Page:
Abercrombie Zombie

Title: Abercrombie Zombie
Author: K.Z. Snow
Cover Artist: Anne Cain
Publisher: Dreamspinner Press
Buy Link: Buy Link Abercrombie Zombie
Genre: M/M paranormal romance
Length: 136 pages
Rating: 4.5 stars out of 5

A guest review by Jenre

Summary Review: A slightly spooky paranormal romance with an underlying thread of black humour.

THE BLURB

For psychic mediums Quinn McConnell and Hunter Janz, dead folks pay the bills… barely. To make it into the financial comfort zone, they need an edge over their competition, and, as far as Quinn is concerned, some resolution to the sexual tension and unrequited love wreaking havoc with his psychic reception. Salvation comes in the form of dapper Dustin DeWind, a zombie who can obviously see and converse with the departed. In return for Quinn’s and Hunter’s help in finding the man who made him, he promises to steer them toward the elusive spirits that are their stock in trade. But once they forge an uneasy alliance, it almost seems Dustin is also nudging them toward each other….

THE REVIEW

Don’t be fooled by the cover, this isn’t an m/m/m ménage romance but rather a story of two psychic mediums, Quinn and Hunter who partner each other in using their skills for hire. Sometimes this means that they help the police solve murders, sometimes they appear on cheesy cable TV programmes and sometimes they get hired personally to find things. In this case the person hiring them is a zombie, Dustin DeWind, who hopes that the pair of psychics will help him to find his ex-lover. In return, Dustin promises to use his ability to talk to the dead to help Quinn and Hunter investigate a haunting in an old mental health hospital.

There are two themes going on in this short novel. Firstly there is the romance between Quinn and Hunter. The story is written from Quinn’s first person point of view. He’s got a huge crush on Hunter and has done ever since a rather ill advised sexual encounter which then led to rejection. Quinn’s trying not to let this crush affect his working relationship with Hunter but he finds this increasingly difficult especially as Hunter keeps sending out rather mixed messages. I found Quinn to be a very sympathetic character. He’s trying to be wise and pragmatic about his feelings for Hunter, but frankly fails spectacularly. His longing for Hunter is difficult to control and I felt rather sorry for him. He never come across as pathetic though because he has a strong sense of the absurd and this also colours the way he thinks about his relationship with Hunter. The first person narrative means that we don’t really get to know Hunter very well, although I felt that the author had done a good job in showing Hunter’s conflicting feelings for Quinn.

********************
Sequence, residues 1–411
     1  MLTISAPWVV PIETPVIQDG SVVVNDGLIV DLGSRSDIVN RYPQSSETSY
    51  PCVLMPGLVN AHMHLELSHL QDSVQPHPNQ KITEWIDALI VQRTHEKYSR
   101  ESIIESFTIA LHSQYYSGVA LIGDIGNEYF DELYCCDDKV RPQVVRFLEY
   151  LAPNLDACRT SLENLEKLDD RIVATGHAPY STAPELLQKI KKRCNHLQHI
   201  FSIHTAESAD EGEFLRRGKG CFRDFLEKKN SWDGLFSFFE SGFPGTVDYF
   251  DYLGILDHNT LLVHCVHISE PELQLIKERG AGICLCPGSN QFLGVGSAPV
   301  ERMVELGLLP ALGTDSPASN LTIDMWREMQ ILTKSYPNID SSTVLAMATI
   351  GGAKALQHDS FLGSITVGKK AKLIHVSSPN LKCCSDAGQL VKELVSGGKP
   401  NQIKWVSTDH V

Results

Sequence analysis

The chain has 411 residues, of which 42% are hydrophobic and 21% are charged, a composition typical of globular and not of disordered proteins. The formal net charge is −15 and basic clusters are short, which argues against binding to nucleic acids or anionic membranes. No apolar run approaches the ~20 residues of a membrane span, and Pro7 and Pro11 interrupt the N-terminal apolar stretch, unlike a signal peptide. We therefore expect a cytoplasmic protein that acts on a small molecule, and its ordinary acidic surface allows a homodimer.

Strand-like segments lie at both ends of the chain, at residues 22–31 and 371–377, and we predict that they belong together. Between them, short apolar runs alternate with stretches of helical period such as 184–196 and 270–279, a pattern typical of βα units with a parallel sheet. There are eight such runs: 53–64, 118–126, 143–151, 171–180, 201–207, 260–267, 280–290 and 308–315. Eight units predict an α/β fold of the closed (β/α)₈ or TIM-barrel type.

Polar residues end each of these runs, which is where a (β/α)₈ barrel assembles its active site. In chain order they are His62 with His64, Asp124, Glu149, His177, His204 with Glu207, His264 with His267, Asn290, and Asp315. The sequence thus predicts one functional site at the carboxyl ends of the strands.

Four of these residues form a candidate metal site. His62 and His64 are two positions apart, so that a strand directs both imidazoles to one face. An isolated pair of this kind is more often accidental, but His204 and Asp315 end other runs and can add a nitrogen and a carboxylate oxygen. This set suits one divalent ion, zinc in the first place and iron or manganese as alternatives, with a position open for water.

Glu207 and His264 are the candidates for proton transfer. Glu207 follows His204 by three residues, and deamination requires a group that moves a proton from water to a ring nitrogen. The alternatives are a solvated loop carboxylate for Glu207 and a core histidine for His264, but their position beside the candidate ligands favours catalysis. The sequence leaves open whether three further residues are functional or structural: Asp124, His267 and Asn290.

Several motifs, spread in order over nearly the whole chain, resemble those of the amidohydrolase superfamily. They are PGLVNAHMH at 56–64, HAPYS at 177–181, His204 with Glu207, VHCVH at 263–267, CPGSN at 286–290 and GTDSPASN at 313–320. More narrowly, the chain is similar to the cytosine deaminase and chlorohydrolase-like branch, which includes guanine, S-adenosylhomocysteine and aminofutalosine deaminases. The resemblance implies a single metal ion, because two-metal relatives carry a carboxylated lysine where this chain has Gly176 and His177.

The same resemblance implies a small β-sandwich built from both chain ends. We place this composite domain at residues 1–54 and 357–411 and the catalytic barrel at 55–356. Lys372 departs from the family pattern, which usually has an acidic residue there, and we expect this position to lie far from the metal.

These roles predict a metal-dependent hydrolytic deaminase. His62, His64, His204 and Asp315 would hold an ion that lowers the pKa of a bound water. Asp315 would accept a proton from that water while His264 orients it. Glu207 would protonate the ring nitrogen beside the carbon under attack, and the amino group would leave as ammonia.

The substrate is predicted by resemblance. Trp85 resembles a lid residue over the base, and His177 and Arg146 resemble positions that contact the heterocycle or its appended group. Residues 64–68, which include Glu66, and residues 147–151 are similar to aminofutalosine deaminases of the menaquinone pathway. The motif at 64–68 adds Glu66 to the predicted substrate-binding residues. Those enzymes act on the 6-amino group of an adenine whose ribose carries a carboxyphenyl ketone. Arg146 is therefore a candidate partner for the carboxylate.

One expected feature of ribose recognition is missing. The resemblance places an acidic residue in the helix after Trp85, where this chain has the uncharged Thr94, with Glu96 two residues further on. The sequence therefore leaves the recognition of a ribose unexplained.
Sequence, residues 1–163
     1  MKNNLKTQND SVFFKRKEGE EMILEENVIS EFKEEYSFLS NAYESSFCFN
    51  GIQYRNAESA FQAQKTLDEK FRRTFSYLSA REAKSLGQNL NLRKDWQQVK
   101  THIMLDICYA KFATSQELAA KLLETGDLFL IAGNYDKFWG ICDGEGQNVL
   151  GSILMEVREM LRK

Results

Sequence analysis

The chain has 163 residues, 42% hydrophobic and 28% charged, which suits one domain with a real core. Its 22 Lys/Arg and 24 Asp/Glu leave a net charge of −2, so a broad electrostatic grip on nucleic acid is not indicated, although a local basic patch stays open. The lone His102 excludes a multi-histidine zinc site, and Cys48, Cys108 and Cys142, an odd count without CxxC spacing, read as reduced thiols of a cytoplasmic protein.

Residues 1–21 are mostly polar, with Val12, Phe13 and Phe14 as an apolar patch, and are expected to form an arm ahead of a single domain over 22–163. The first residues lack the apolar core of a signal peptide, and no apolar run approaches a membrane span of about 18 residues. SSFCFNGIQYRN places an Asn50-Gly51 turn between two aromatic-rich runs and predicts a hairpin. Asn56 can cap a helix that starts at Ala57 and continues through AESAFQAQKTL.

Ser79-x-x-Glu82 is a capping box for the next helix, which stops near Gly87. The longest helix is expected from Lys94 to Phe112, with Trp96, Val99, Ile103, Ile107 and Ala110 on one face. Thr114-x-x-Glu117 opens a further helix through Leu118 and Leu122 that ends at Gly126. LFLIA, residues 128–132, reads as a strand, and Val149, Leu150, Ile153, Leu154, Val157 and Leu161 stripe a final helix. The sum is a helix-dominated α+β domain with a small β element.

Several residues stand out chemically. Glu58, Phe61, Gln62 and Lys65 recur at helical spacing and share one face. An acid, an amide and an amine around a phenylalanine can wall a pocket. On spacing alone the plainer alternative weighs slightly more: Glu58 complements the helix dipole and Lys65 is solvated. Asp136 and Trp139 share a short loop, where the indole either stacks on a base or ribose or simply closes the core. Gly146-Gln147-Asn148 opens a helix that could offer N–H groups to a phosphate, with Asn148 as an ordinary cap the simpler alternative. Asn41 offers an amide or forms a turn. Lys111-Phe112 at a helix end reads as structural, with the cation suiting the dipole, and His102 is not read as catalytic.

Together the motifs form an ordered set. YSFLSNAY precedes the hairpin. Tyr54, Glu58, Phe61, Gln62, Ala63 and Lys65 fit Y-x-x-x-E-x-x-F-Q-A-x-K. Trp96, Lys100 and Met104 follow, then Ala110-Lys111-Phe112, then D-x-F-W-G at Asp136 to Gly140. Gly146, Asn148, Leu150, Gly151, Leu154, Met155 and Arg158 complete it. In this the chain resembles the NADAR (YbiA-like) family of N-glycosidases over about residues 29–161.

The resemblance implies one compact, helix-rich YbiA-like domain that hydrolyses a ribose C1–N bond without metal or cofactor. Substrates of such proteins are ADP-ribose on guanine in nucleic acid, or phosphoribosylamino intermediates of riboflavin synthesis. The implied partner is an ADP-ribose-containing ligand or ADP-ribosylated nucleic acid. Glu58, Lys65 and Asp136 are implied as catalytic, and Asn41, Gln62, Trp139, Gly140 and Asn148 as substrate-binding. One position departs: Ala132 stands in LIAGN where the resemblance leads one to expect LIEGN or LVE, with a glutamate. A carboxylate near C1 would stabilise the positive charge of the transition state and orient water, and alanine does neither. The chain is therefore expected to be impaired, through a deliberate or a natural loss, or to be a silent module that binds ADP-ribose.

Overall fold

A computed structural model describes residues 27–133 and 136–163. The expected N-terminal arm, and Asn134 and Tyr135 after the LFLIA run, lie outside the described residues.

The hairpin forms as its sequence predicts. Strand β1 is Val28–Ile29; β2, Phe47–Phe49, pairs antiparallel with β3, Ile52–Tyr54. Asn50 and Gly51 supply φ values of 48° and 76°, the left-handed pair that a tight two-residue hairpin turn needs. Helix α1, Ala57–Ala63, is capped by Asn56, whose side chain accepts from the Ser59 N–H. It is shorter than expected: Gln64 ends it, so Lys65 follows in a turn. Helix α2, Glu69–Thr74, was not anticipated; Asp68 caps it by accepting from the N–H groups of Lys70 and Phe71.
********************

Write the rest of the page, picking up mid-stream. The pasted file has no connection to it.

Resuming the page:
The second theme involves Quinn and Hunter’s dealing with Dustin. This part was a little creepy in places, but that was balanced with Quinn’s humourous insights which shines through the narrative, making the story a little black in terms of the humour. The scenes in the hospital had a nice tension to them as the men look for ghostly goings-on and I liked that this part of the book acted as a catalyst for Hunter. Later as the men look for Dustin’s ex-lover the paranormal goings-on become a backdrop to the twists and changes in the relationship between Hunter and Quinn, until an end which was both surprising and gratifying. I really liked the way that the individual strands of the plot slowly knitted together to create a story which was firmly rooted in relationship and love.

In the end this story is about what people will do for love – whether that’s for good or bad. It’s an uneasy theme in places, but meant that the story never verged on the too sweet. In fact the book has quite a thread of darkness woven through the romance which I felt worked really well with the paranormal theme. It never became too heavy or overwhelming though because of Quinn’s distinctive narrative voice. Those readers who are looking for an unusual paranormal story will enjoy this book. The character of the zombie gives the paranormal theme a freshness, and the psychic heroes an unusual twist on the romance. I really enjoyed Abercrombie Zombie and have no hesitation in recommending it.

6 comments

  • Jen you convinced me to read this book. I love zombies and characters that have a sense of the absurd and KZ has a good sense of humour so this will definitely go on the TBR. Thank you for a lovely review. 🙂

    Reply
  • I’m normally not overly fond of Zombies, but your review makes this sound very interesting. Ad in KZ Snow, and I think I could give it a try. Thank you!

    Reply
  • I absolutely loved this one and mainly because of how refreshing Zombie’s portrayal was, you know? I got so tired of same zombies travelling through different books if that makes sense. I guess same themes make me bored and fast, so zombies were about to join the place of werewolves and vampires, where I would only read about them on great recommendation, but this was so much fun. And I loved Quinn’s voice too, you are right he tries to be pragmatic about his crush, but his feelings are so obvious and at the same time he never looked pathetic to me. Thanks for the review Jen.

    Reply
    • Hi Sirius

      I think I’ve only read two other zombie books, so definitely not enough to find a pattern! Having said that, Dustin was certainly a unique character :).

      Reply

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